Our wagon trains had been much increased. About the 1th of November they numbered 3,911 wagons, 8,693 horses, 12,483 mules, 907 ambulances, 7,139 artillery horses, and 9,582 cavalry. We had sufficient to haul seven days' supplies for the army, besides its baggage, camp equipage, &s. The army crossed the Potomac over pontoon bridges at Berlin the last of October. I crossed on the 1st of November, and reached Salem, on the Manassas Gap Railroad, on the 3rd following. Supplies had already been ordered by this road direct from Washington and Alexandria.
On the 9th of November General Burnside assumed command of the army, and soon after he moved it to Falmouth, in front of Fredericksburg. On the 13th I left the army at Warrenton, with orders to proceed to Washington and Alexandria, thence to Aqua and Fredericksburg Railroad. On the 16th, in company with Generals Woodbury and Haupt, I went to Aqua and Belle Plain on a reconnaissance. We found the old wharf and entire depot at Aqua a mass of ruins, and the interior of the country still in the hands of the enemy. It was decided to create temporary landings at both Aqua and Belle Plain, to land supplies and haul them to the army on its arrival with wagons, while
permanent arrangements on a proper scale could be made.
This plan was most successfully executed. I returned to Belle Plain about the 19th, and joined headquarters at Falmouth. The depot at Aqua was made as spacious and commodious as any one we have ever had. Large wharves were constructed and storehouses erected to accommodate all departments. I placed Captain T. E. Hall, assistant quartermaster, in charge, with several officers to assist him. Captain Hall was finally succeeded by Lieutenant Cols. A. Thompson and Painter, assistant quartermaster. Frequent inspections were made by myself and Colonels Sawtelle, Myers, and Painter. General Haupt placed Mr. W. W. Wright at the place as railroad agent. He was an exceedingly energetic, gentlemanly, and business-like officer. Stations were established at convenient points along the road for the delivery of supplies-the principal one having been at Falmouth, under Captain L. H. Peirce, assistant quartermaster, now assistant chief quartermaster of this army. His report will show you the immensity of his business during the past year. I regard him as one of the best quartermasters in the service. The land transportation of the army was reorganized while at Falmouth, and to-day corresponds precisely with the standard prescribed in Orders, Numbers 83.* (A copy is herewith, marked A.)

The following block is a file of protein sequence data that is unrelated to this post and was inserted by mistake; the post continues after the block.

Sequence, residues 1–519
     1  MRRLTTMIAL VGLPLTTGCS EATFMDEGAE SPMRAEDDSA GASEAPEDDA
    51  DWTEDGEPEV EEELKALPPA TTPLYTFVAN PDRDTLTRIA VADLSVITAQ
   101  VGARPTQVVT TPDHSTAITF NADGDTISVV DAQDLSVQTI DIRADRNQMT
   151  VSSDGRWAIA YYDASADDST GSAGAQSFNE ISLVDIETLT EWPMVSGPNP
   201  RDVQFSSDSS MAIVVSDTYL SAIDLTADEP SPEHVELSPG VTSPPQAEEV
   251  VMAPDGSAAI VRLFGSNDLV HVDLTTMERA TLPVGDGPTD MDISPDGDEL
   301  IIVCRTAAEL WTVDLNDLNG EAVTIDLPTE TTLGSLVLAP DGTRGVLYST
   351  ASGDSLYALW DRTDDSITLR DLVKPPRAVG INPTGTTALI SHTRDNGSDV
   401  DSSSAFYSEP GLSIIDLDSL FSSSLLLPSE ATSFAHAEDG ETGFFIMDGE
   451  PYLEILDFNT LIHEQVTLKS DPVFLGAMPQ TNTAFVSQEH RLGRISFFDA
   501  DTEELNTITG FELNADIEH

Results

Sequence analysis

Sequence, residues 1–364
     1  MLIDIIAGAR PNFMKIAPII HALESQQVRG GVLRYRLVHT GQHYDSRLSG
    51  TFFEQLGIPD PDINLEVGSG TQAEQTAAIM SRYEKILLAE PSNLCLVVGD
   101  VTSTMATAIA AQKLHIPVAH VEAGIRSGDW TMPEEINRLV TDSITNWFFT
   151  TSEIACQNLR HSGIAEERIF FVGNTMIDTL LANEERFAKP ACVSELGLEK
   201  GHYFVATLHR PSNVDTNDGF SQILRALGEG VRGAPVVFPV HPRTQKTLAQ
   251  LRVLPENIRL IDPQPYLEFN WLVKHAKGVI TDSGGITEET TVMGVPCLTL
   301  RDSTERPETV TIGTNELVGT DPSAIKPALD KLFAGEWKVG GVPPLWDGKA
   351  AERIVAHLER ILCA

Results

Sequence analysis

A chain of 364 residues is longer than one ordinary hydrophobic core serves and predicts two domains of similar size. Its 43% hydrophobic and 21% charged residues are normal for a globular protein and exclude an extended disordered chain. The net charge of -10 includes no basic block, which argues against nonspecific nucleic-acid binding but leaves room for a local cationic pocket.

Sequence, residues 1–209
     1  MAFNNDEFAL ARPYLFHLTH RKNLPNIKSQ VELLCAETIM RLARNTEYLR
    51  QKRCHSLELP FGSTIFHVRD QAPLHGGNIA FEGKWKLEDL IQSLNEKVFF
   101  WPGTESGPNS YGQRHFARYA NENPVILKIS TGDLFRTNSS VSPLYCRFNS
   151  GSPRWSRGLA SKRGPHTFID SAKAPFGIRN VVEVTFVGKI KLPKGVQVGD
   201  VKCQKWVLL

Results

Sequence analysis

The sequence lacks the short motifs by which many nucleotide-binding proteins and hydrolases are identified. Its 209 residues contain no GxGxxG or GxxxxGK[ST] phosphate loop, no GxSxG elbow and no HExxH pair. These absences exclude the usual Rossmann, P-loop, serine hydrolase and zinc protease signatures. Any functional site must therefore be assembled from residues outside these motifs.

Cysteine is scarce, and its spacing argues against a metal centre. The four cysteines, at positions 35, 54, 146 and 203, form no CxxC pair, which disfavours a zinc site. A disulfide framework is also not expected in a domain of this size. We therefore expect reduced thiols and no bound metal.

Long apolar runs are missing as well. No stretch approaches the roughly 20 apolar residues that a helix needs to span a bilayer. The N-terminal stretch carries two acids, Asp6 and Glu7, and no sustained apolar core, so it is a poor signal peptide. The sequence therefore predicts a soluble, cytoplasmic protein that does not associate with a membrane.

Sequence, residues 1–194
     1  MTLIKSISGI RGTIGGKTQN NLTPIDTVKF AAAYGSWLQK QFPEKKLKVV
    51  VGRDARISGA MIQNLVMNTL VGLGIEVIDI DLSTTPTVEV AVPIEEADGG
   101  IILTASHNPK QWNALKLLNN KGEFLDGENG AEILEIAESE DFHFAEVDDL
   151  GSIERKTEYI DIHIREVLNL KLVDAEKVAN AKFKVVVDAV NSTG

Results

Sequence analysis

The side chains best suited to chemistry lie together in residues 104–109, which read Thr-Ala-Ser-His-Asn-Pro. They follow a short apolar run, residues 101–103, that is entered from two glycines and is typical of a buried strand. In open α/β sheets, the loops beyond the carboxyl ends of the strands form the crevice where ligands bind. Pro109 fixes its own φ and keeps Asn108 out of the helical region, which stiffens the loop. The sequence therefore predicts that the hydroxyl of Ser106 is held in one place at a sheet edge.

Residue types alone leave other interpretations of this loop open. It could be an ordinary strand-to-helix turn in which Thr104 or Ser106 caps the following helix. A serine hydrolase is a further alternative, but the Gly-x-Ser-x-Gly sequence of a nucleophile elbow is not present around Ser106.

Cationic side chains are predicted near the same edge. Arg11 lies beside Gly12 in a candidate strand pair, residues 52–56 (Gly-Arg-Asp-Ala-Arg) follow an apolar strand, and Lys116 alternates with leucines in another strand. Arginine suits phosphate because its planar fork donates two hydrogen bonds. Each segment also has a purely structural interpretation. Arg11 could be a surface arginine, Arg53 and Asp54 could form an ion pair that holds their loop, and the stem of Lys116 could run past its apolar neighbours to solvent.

The rule will be found useful if applied to our other armies. There would be, besides, the advantage or uniformity. Our supply trains are calculated for seven days' subsistence, three of salt meat, six of short forage, and 100 rounds of small arm ammunition to be hauled in wagons. By our system, knowing the number of men, we can at once determine the exact number of wagons.
The battle of Fredericksburg was fought on the 13th of December, 1862. General Hooker assumed command of the army January 26, 1863.
To show what was our custom on the eve of battles with regard to our trains, I take the liberty to inclose a copy of my report of our arrangements during the Chancellorsville campaign, herewith, marked B. This report and its accompanying papers, now in your office, will give you full and valuable information.
The battle of Chancellorsville and second battle of Fredericksburg were fought from the 2nd to the 4th of May, 1863. In a forward movement
*Of August 21, 1863, Army of the Potomac.